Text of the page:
The Ultimate L&D Strategy for the Great Resignation

The Great Resignation. The turnover tsunami. A mass employee exodus. Whatever you choose to call it, the reality is the same: more workers are thinking about calling it quits. In fact, as many as 95% of employees are contemplating resigning this year.

What’s behind this dramatic uptick? “A lack of internal growth opportunities” is the second most common reason why employees are looking elsewhere. While many enterprises have established L&D programs, most are missing the mark. 70% of employees report that they don’t have the mastery of skills needed to progress in their careers.

With the Great Resignation fast approaching, impactful L&D has been upgraded from business priority to necessity. But what does it take to launch a skills development initiative that will empower your people to put their ambitions into action? In our latest Gloat Live Session, we’ve gathered Lori Niles-Hofmann and Amanda Nolen, co-founders of educational transformation consultancy Niles Nolen, to uncover the secrets for launching an L&D practice that will help you retain your top talent during the turnover tsunami.

L&D best practices that will maximize employee retention

Make It Purposeful

All too often, L&D exists in a vacuum. If employees don’t see the point in participating in skill development opportunities, they’re likely to disengage.

As Amanda explains, learning for the sake of learning isn’t good enough, especially if you’re looking to L&D to drive retention. To make opportunities more meaningful, L&D and internal recruitment must come together to identify skills gaps, address how to fill them, and present employees with relevant learning experiences that will help them take their careers to the next level.

Amanda Nolen Says:

“Providing opportunities for learning and development is one of the key things that attracts and retains talent. It’s not only the best thing for the business to stay competitive, it’s also paramount to keep that talent, even beyond compensation and other things.”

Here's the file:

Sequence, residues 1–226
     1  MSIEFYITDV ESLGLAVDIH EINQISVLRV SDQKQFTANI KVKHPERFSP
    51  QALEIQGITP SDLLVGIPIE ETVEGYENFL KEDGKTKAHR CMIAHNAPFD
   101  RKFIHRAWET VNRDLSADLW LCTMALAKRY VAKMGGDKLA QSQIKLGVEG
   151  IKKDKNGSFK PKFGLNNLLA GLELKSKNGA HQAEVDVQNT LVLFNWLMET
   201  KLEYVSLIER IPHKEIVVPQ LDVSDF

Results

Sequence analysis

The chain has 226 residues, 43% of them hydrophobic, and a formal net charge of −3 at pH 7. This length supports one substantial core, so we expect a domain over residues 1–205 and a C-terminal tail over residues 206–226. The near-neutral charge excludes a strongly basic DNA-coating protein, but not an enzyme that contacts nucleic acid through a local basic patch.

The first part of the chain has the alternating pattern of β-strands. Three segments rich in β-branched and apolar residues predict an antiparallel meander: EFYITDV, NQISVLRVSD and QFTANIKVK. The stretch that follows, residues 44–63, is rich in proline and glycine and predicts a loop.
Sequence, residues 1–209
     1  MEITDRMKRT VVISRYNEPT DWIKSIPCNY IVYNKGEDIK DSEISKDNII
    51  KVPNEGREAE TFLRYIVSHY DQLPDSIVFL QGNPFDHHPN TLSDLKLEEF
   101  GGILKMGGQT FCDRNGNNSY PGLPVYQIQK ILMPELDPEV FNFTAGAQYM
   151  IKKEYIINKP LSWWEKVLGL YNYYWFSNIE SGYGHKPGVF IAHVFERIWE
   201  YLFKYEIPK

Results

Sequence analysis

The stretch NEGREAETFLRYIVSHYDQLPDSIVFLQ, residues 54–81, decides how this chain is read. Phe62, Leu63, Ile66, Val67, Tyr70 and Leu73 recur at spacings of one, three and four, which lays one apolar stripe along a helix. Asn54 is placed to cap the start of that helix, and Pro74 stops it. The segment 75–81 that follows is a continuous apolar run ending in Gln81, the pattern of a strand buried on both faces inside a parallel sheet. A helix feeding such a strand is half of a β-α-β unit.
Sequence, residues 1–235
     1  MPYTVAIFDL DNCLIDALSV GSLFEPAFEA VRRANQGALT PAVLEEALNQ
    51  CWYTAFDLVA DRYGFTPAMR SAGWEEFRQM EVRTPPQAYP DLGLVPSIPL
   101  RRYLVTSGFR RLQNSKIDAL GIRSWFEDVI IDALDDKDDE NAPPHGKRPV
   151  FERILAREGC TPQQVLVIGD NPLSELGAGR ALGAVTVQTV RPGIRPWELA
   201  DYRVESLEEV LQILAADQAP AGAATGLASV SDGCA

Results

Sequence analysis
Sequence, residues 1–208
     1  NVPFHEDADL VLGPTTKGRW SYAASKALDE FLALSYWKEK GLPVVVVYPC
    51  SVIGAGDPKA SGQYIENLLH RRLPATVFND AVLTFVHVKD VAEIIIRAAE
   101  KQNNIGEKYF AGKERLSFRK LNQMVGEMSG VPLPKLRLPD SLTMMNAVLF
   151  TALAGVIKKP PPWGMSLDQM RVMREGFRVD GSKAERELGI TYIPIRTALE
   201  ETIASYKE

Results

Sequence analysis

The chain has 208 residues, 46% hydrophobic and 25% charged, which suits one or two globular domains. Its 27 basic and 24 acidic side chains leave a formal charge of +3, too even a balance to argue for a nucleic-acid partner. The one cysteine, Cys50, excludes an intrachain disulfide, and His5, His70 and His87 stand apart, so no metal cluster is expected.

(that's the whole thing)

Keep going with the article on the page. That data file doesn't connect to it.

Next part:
If you think money is every employee’s most powerful motivator, it’s time to think again. Discover what your people are really hoping to get out of their jobs by checking out our cross-industry study, Why We Work.

Focus On The Broader Employee Population

To maximize the retention-boosting powers of L&D, you need to give every employee an equal opportunity to get involved.

Amanda pinpoints an overemphasis on the top of the pyramid as one of the most common L&D mistakes that enterprises make.

Amanda Nolen Says:

“There’s a disproportionate spend on the leaders and the high potentials. That can be really valuable, but when you see the time and energy spent, what about everyone else at your organization? What’s the plan for them?”

Rather than focusing solely on senior executives, she recommends budgeting for everyone within your organization. An inclusive L&D approach will not only boost morale; it will also enable you to build the next generation of leaders within your own organization.

Making upskilling part of your people’s daily reality sets the tone for a progressive company culture that will bring out everyone’s best. Empower future leaders from the bottom up to unlock your workforce’s full potential and plant the seeds for lasting engagement.

Guide People Through The Process

Employees have limited time and cognitive space. Let your people fully focus on upskilling by removing the guesswork that comes with searching for best-fit opportunities.

Lori says that employees need to learn competencies that are going to keep them employed, which is particularly important as the pace of change accelerates. The current shelf-life for most skills is less than five years, which means everyone must continuously reskill to stay relevant.

Lori Niles-Hofmann says:

“We can’t just say leave it up to the learner and hope they’ll figure it out. We have to give them guidance so they’re not off learning leadership skills if that’s not what’s going to keep them employed.”

She points to talent marketplaces as an effective way to guide employees through L&D. Users are presented with highly personalized suggestions for internal experiences and growth opportunities based on dynamic development plans generated by career pathing tools.

Lori Niles-Hofmann also says:

“From my perspective, the talent marketplace, if it’s done correctly, is what encapsulates the learning experience. It becomes that place where people can actually apply and do the learning that they participated in in the classroom.”

Let Leadership Set The Tone

If your C-suite isn’t behind L&D efforts, no one else will be. However, getting leadership on board can be a challenge, as Amanda notes.

She recommends coming in with an understanding of your business strategy and demonstrating how L&D can improve your bottom line. When it comes to ROI, retention is a key area to focus on, especially since US businesses lose as much as $1 trillion to voluntary turnover annually, according to Gallup research.

Amanda adds that you shouldn’t underestimate the power of envy and suggests referencing the results that leading organizations have reaped to strengthen your proposal.

Amanda Nolen says:

“When you’re making that business case, say ‘look, this is a leading organization when it comes to people strategy’. Cite them, because then your leaders are going to start to get nervous because they don’t want to fall behind, so they’ll get with the program.”

During the Great Resignation, some businesses will struggle, others will survive, and an elite few will thrive. An impactful skills development strategy can set your organization apart as an employer of choice and help you retain top talent.